|Scientific Name:||Chrotopterus auritus|
|Species Authority:||(Peters, 1856)|
|Taxonomic Notes:||Simmons and Voss (1998) discussed problems with previously recognised subspecies.|
|Red List Category & Criteria:||Least Concern ver 3.1|
|Assessor(s):||Barquez, R., Perez, S. & Miller, B. and Diaz, M.|
This species is listed as Least Concern in view of its wide distribution, presumed large population, as it occurs in a number of protected areas, and because it is unlikely to be declining at nearly the rate required to qualify for listing in a threatened category.
|Previously published Red List assessments:||
|Range Description:||This species occurs from Veracruz (Mexico) south to the Guianas, Brazil, Peru, Bolivia and north Argentina (Simmons 2005). It is also found in Paraguay.|
Native:Argentina; Belize; Bolivia, Plurinational States of; Brazil; Colombia; Costa Rica; Ecuador; El Salvador; French Guiana; Guatemala; Guyana; Honduras; Mexico; Nicaragua; Panama; Paraguay; Peru; Suriname; Venezuela, Bolivarian Republic of
|Range Map:||Click here to open the map viewer and explore range.|
|Population:||It is very common. These bats exist in low population density areas and form complex social groups that tend to stay together for several years. Colonies can consist of one to seven individuals, but typically contain three to five individuals (Hill and Smith 1984, Medellin 1989, Kunz and Racy 1998, Nowak 1999). It is rare in Mexico and not so common in Central America.|
|Current Population Trend:||Stable|
|Habitat and Ecology:||This species is a carnivore of dense forest. These bats tend to live near streams and other moist areas in forested lowlands, tropical rainforests, tropical deciduous forests and cloud forests. They have been reported to roost in hollow trees, caves and even Mayan ruins (Medellin 1989, Nowak 1994). There is little known about the mating system of C. auritus (Altringham 1996, Hill and Smith 1984). Big-eared Woolly Bats have low reproduction rates, typically having just one offspring per litter. Females have only been reported to be reproductively active during the second half of the year. Pregnant females, however, have been observed from April until July. This is consistent with a monestrous cycle, varying geographically. One female taken into captivity gave birth to a single young after 99 days. They have a maximum gestation period of 220 days and a maximum weaning time of nine months. The age of reproductive maturity is between one and two years (Medellin 1989, Nowak 1994, Kunz and Racy 1998).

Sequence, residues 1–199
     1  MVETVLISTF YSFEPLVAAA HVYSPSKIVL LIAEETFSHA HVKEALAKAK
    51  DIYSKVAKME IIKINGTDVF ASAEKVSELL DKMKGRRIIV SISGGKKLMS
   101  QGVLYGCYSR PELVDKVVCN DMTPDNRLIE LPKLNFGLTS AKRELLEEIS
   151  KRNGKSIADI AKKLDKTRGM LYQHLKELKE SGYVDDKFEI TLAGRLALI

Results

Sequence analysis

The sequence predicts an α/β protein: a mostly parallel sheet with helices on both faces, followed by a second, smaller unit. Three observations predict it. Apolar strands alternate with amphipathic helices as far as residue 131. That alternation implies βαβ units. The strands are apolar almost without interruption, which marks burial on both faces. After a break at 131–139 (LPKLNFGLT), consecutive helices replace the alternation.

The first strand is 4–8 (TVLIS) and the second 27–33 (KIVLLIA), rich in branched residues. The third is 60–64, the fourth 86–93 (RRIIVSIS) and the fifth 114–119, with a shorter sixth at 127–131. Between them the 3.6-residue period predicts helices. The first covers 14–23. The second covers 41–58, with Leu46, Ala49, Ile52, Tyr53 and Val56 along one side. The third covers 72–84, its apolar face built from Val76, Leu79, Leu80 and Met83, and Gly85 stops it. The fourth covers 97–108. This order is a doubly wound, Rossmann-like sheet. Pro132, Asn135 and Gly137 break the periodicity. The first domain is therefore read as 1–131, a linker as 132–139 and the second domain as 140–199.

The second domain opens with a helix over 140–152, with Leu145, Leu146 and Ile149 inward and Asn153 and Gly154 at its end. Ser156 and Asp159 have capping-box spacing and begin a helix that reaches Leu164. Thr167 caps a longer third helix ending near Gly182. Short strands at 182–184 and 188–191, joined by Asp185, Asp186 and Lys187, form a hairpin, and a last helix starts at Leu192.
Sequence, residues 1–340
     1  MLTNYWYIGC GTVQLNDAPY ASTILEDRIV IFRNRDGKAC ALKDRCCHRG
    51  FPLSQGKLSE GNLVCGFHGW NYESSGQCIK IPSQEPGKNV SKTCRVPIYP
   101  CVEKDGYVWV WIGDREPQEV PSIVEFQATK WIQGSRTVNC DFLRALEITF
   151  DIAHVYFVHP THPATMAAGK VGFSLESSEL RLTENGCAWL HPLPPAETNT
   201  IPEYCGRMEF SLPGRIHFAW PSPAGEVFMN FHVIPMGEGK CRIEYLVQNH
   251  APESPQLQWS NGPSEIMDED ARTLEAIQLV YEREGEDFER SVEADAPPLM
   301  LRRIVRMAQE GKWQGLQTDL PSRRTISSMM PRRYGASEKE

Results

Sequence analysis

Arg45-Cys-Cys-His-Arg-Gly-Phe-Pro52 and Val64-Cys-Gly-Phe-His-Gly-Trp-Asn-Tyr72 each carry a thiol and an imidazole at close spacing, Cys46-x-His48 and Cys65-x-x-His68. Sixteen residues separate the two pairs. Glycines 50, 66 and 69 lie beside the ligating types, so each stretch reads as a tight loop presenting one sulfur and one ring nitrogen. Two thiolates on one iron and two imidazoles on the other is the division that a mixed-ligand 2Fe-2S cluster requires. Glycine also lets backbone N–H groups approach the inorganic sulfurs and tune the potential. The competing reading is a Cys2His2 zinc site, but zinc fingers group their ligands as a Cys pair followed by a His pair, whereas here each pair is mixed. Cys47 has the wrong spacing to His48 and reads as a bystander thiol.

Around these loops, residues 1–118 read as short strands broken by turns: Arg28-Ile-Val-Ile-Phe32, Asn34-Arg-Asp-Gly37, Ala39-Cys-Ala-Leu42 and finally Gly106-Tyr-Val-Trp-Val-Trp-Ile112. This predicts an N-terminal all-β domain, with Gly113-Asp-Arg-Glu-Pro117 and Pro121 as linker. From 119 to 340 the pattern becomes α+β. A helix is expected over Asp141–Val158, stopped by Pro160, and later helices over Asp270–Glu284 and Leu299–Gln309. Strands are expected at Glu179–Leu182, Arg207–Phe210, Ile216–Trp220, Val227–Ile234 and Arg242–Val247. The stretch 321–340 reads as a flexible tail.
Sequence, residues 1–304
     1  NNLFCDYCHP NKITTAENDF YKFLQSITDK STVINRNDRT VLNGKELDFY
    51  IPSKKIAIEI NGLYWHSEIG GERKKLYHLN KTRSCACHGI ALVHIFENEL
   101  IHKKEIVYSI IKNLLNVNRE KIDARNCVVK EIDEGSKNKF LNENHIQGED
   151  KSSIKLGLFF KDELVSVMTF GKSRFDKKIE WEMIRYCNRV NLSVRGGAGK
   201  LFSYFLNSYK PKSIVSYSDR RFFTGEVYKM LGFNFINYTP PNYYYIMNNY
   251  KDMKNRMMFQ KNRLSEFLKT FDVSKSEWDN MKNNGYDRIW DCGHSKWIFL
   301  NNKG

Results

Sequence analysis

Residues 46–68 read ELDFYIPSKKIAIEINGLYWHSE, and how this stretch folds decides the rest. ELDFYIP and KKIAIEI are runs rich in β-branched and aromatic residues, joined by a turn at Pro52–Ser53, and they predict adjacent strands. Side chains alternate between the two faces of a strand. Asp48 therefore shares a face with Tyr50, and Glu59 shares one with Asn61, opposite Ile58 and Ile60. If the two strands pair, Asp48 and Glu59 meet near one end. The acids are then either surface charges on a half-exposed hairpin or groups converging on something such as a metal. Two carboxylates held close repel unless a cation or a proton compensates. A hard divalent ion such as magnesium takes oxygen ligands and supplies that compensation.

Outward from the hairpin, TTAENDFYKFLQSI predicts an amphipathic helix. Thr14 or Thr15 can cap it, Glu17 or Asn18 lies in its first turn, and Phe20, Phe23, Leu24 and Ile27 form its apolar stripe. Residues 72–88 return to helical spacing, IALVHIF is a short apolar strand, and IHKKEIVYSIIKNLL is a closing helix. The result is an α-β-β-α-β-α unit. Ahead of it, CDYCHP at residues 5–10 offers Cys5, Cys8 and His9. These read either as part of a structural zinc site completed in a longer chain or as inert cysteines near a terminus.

Big-eared Woolly Bats are not exclusively carnivores. In fact, they have a flexible foraging strategy that allows them to eat insects and fruit in addition to extensive consumption of small vertebrates like bats, opossums, mice, birds, lizards and frogs. They have a diet similar to that of Vampyrum spectrum and Trachops cirrhosus. Big-eared Woolly Bats have significant seasonal diet changes. In the wet season they eat more insects because they are more abundant. However, age and sex do not have any effect on what they eat (Hill and Smith 1984, Altringham 1996, Kunz and Racey 1998).
|Use and Trade:||This species is not used.|
|Major Threat(s):||No major threats are known throughout its range.|
|Conservation Actions:||Habitat conservation is recommended. In Mexico, it is listed as threatened under NOM - 059 - SEMARNAT - 2001 (Arroyo-Cabrales pers. comm.). It is found in protected areas.|
|Citation:||Barquez, R., Perez, S. & Miller, B. and Diaz, M. 2015. Chrotopterus auritus. The IUCN Red List of Threatened Species 2015: e.T4811A22042605. . Downloaded on 13 February 2016.|
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